Acclaimed for his dark depiction of the American suburbs, painter Eric Fischl sometimes positions artworks within his compositions as symbolic elements. This thematic catalogue brings them together, including more than 120 painting reproductions, and an interview with the artist by Dallas Contemporary Museum director Peter Doroshenko.
“I am one of the first generation artists who grew up in the suburbs. We grew up, post-WWII, in an ascendant America in which the suburbs was its utopian manifestation. We came into our art maturity painfully aware of the disconnection between what was promised and what was delivered.”—Eric Fischl
Eric Fischl is one of only a handful of contemporary painters who regularly, though by no means exclusively, employs sourced images, culled from the internet, newspapers, and magazines, to inform his paintings. The artist then adds his own photographs and blends a final ensemble of information and storytelling. No kings or generals or momentous battles move across Fischl's canvases, and most of his subjects are quotidian rather than grandiose—suburban bourgeois families, art world mongers and awkward social interactions. In his works, communication is nonexistent and boredom is pervasive.
Published on the occasion of the eponymous exhibition at Dallas Contemporary Museum, from April 12 to August 26, 2018.
Eric Fischl (born 1948 in New York City) is an internationally acclaimed American painter
, and illustrator
. His artwork is represented in many distinguished museums throughout the world and has been featured in over one thousand publications. His extraordinary achievements throughout his career have made him one of the most influential figurative painters of the late 20th and early 21st centuries.
Fischl grew up in the suburbs of Long Island. He began his art education in Phoenix, Arizona where his parents had moved in 1967. He attended Phoenix College and earned his B.F.A. from the California Institute for the Arts in 1972. He then spent some time in Chicago, where he worked as a guard at the Museum of Contemporary Art. In 1974, he moved to Halifax, Nova Scotia, to teach painting at the Nova Scotia College of Art and Design. Fischl had his first solo show, curated by Bruce W. Ferguson, at Dalhousie Art Gallery in Nova Scotia in 1975 before relocating to New York City in 1978.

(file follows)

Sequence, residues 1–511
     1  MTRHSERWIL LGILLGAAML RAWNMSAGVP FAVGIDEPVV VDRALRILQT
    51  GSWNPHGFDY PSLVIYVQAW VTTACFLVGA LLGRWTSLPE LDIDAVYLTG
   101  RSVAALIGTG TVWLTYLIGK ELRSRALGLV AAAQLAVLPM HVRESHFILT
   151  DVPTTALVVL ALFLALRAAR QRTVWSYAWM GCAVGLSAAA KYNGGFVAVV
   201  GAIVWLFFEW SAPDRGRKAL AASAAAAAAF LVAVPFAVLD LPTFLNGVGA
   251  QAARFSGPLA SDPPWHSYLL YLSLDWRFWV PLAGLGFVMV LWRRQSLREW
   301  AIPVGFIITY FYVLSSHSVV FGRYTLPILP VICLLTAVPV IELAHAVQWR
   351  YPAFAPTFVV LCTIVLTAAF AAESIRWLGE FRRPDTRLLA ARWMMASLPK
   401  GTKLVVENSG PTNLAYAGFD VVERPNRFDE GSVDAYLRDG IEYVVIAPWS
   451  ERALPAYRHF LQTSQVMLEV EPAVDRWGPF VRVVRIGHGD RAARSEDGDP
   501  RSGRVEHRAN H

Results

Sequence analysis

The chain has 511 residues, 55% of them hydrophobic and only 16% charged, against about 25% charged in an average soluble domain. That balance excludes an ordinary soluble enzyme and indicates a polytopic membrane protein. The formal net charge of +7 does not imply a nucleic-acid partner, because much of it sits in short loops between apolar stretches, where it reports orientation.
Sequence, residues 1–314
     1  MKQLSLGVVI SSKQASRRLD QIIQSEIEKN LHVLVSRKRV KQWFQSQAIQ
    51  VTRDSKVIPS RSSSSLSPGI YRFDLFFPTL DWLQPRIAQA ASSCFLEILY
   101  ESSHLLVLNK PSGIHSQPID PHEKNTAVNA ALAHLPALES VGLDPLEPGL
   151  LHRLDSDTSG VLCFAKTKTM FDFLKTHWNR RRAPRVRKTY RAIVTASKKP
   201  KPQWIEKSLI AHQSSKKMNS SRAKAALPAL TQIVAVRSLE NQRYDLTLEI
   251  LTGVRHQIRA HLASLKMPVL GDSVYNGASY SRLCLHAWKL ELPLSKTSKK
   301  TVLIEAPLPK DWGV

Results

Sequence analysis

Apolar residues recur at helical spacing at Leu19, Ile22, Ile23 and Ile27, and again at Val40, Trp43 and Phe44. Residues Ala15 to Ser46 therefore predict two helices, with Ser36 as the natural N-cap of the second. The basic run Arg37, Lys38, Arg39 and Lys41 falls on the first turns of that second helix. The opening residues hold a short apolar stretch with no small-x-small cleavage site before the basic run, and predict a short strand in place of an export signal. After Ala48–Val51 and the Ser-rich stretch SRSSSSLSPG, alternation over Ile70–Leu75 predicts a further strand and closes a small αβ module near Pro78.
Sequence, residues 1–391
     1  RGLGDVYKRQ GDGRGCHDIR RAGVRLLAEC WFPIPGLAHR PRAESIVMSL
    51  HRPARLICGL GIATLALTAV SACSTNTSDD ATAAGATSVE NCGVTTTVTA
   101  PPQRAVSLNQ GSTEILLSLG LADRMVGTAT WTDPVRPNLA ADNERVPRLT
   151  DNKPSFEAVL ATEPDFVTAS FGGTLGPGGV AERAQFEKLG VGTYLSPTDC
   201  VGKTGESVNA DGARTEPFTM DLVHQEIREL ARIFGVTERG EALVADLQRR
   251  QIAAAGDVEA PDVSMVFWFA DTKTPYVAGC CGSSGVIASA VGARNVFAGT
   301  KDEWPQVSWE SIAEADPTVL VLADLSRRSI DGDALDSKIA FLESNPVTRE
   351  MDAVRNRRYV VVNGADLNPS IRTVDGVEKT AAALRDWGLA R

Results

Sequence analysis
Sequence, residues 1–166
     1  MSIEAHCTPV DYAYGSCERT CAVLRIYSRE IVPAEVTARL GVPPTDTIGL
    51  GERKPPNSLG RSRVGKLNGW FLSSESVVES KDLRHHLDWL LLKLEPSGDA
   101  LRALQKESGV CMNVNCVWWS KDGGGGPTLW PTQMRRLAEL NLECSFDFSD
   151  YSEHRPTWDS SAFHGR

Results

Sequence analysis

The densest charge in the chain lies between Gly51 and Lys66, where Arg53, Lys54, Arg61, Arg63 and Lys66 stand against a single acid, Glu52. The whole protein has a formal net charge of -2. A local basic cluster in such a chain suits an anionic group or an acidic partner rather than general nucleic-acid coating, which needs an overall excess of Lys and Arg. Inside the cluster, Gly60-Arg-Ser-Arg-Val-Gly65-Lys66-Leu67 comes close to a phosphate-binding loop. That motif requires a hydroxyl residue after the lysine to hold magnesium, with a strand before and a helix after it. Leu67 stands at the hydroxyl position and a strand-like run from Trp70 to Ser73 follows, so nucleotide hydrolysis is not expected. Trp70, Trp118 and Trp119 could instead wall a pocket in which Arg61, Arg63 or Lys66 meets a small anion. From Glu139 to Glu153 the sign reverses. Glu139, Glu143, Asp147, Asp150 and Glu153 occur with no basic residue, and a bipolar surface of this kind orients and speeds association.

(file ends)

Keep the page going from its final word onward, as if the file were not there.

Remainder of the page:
Fischl's suburban upbringing provided him with a backdrop of alcoholism and a country club culture obsessed with image over content. His early work thus became focused on the rift between what was experienced and what could not be said. His first New York City solo show was at Edward Thorp Gallery in 1979, during a time when suburbia was not considered a legitimate genre for art. He first received critical attention for depicting the dark, disturbing undercurrents of mainstream American life
, with great psychological
Fischl's paintings, sculptures, drawings and prints have been the subject of numerous solo and major group exhibitions and his work is represented in many museums, as well as prestigious private and corporate collections, including The Metropolitan Museum of Art, The Whitney Museum of American Art, The Museum of Modem Art in New York City, The Museum of Contemporary Art in Los Angeles, St. Louis Art Museum, Louisiana Museum of Art in Denmark, Musée Beaubourg in Paris, The Paine Weber Collection, and many others. Fischl has collaborated with other artists and authors, including E.L. Doctorow, Allen Ginsberg, Jamaica Kincaid, Jerry Saltz and Frederic Tuten.
Eric Fischl is also the founder, President and lead curator for “America: Now and Here”. This multi-disciplinary exhibition of 150 of some of America's most celebrated visual artists, musicians, poets, playwrights, and filmmakers is designed to spark a national conversation about American identity through the arts. The project launched on May 5th, 2011 in Kansas City before traveling to Detroit and Chicago.
Eric Fischl is a Fellow at both the American Academy of Arts and Letters and the American Academy of Arts and Science. He lives and works in Sag Harbor, NY with his wife, the painter April Gornik.